Gabriel wasn’t satisfied with one story and asked for another. My father’s life is rich with stories so I continued with Hawaii. I told him that Papa had wanted to go to Annapolis. I explained to him what that was and that Papa wanted to be a Naval Officer. While at Kaneohe he has asked to take the test for Annapolis and a date had been set for December 8th. On Sunday morning December 7th he had been asleep in the barracks, dreaming that he was asleep in his grandmother’s yard. Bees buzzed around his grandmother’s hollyhocks and around his head annoying him. He awoke to discover that the buzzing was coming from Japanese Zeros (fighter-planes, I explained) who were bombing and straffing the hangars and PBYs parked on the tarmac. Papa’s first thought was for his brother who had been on night watch so he pulled on his clothes and bolted from the barracks. Eventually he found Uncle Dick and together they mounted a machine gun in the waist hatch of a PBY that was empty of fuel and fought back with Uncle Dick shooting down a Zero. Unfortunately, the attack on Pearl Harbor and Kaneohe destroyed Papa’s dreams of Annapolis in more ways than one. He desk in which his test was locked burned in the attack and America was now at war and there wasn’t time for Papa to do anything but fight.

Gabriel sighed. “When I am grown up I will go to Annapolis so I can live his dream for him. I will write about it and put my writing where he is buried.” Now I sighed. My father had always hoped that one of my boys would want to make a career of the Navy and attend Annapolis. They never expressed even a smidgen of interest in either one, but I know he’s smiling now. I know, too, about seven-year-old promises, but the fact that in that moment in the dark, snuggled in my bed, Gabriel meant every word. In reality I am more concerned that he not sing Harry and the Potters for three solid hours on our trip home.

Postscript: As we prepared to return to Gig Harbor on Sunday, Dave discovered that his truck had been ransacked. The thieves got away with a three pack of ink for his printer, two cans of shaving cream, and half a tank of gas. It wasn’t until we returned to Gig Harbor that Dave was disappointed to discover that he could have included “severed head” on his police report. That would have been awesome in the police report in the Chinook Observer!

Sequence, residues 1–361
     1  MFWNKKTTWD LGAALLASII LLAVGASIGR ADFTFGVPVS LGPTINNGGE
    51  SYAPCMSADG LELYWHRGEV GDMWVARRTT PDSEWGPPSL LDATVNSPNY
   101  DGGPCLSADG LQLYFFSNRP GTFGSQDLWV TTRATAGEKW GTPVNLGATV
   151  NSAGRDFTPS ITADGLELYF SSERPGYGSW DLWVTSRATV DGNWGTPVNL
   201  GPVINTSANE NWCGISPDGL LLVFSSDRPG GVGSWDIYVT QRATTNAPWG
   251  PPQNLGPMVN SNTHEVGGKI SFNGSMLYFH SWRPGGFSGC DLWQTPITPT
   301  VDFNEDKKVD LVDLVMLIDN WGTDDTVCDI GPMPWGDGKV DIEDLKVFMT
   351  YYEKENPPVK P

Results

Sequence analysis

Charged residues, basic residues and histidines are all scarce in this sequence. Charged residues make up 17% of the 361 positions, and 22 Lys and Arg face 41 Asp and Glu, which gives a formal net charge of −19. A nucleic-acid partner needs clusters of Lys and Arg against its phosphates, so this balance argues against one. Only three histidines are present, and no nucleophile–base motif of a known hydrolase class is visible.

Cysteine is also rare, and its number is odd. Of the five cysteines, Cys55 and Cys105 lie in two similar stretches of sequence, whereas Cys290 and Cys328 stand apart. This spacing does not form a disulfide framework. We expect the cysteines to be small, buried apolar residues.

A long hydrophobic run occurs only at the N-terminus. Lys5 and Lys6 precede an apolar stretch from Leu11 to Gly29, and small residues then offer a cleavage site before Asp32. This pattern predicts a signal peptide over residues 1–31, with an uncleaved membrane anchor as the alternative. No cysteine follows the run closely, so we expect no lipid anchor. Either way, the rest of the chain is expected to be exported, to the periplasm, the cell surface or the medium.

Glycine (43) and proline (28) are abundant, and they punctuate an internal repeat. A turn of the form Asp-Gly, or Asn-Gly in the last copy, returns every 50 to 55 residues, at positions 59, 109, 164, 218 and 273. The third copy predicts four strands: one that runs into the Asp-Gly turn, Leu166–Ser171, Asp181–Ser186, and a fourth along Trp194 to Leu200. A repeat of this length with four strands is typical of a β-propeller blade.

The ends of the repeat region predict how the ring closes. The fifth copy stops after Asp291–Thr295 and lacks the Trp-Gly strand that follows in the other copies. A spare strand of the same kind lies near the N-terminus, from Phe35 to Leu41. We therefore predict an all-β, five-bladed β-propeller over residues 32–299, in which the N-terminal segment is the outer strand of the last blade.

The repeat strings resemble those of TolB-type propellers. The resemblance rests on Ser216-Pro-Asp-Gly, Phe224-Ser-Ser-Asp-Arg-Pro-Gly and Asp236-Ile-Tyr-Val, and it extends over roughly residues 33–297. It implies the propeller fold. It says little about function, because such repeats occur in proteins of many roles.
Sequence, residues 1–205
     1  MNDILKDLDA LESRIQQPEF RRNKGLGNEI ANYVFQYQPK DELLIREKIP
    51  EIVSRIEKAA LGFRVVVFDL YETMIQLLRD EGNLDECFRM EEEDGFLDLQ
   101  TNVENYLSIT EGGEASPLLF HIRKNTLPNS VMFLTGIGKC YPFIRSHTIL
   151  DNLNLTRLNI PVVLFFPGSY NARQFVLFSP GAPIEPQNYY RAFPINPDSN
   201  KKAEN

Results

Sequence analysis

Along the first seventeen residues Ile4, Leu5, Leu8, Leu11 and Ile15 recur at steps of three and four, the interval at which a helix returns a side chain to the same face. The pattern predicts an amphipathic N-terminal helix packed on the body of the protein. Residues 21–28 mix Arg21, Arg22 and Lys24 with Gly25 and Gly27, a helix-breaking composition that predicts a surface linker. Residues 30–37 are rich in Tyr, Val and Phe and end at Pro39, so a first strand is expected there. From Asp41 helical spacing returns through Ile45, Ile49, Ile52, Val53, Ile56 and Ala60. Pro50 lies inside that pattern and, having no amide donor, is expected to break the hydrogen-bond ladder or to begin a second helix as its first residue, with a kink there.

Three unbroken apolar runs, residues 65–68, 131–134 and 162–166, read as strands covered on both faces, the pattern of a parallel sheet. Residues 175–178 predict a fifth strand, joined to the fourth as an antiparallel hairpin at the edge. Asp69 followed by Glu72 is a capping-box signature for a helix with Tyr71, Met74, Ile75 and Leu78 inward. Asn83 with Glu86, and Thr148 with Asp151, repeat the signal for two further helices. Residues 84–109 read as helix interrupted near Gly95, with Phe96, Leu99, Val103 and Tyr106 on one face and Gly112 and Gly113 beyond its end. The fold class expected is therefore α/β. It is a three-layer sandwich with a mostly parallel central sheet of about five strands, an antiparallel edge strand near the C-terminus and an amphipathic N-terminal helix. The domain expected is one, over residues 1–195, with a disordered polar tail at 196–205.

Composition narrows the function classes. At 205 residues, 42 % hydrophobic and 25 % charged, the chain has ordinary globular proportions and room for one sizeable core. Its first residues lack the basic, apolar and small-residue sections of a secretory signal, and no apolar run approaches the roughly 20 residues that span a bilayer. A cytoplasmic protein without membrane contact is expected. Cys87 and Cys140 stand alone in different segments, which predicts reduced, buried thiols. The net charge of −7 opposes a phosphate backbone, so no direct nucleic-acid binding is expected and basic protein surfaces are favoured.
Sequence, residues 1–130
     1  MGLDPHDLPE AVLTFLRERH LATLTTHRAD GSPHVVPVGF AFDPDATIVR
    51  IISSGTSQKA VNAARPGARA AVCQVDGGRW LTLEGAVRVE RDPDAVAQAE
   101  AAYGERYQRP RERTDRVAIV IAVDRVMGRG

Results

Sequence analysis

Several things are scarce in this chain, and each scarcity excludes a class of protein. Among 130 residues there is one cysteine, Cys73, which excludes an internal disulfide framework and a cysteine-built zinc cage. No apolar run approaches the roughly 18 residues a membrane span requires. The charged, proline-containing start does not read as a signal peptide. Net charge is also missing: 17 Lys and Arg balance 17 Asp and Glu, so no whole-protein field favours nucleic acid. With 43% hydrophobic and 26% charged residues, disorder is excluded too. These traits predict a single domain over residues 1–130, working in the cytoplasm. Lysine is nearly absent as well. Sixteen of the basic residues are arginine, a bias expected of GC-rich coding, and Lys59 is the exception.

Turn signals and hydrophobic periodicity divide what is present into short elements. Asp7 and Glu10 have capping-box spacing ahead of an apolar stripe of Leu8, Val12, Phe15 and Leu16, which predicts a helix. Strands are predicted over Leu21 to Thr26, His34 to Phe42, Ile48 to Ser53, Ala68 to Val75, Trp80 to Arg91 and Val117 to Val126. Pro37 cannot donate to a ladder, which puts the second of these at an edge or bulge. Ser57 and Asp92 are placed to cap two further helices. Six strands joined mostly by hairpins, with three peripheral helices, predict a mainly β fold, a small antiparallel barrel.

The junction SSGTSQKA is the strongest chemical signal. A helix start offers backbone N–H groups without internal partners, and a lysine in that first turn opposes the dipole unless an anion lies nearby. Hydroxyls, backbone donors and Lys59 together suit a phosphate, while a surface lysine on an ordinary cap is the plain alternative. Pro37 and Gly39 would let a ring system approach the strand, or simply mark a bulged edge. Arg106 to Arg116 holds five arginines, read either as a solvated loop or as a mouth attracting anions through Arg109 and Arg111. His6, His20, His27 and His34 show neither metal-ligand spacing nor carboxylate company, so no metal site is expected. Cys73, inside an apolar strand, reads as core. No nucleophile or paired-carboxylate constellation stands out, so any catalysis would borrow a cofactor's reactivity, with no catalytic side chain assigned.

Wednesday, October 5, 2011

Morrigan's Cross by Nora Roberts

I told my friend Smitty that sometimes I need the literary equivalent of a toasted cheese sandwich. It’s not particularly good for your body, but sometimes it comforts the soul. “Morrigan’s Cross,” by Nora Roberts falls into that category. It combines magic, time-travel and vampyres. The first two are things I really like for a good escape and the last is how I got turned on the Anne Rice before she found religion.

At this point there will be some eye rolling and moving on. If you’re still with me you probably know that Nora Roberts is best known for her high end Romances. They aren’t in the Harlequin category, not that there’s anything wrong with that, but I don’t read her as a steady diet.

Several years ago I picked up Roberts’ “Three Sisters Island Trilogy” because it had a sprinkling of magic in it, like she was testing the waters. Maybe she thought that if “Harry Potter” hadn’t been thrown on too many piles of flaming books, a little magic for the grown-ups would fly. “Morrigan’s Cross” is definitely a “happy meet” book. If Roberts is not a practicing Wiccan, she’s done her homework well. Not only does the novel (the first of a trilogy) have magic, it has time-travel and vampyres. Stephanie Miller certainly has given vampyres a shot in the arm. The young adult section is full of them. I would have been satisfied with the magic, delighted to have the time-travel as an addition, but the addition of vampyres seemed unnecessary at first, but as I got into it I saw how they fit. Instead of our witch heroine fighting some hussy for the attentions of her 15th century sorcerer love, they are fighting vampyres with a host of magical companions including the sorcerer’s vampyre brother.

If I had a complaint about this book, which is the first in a new trilogy, it would be that the characters who are Irish do not sound Irish. I want to hear a brogue. The story is good enough that I need to find out what happens and have ordered the next installment, “Dance of the Gods.”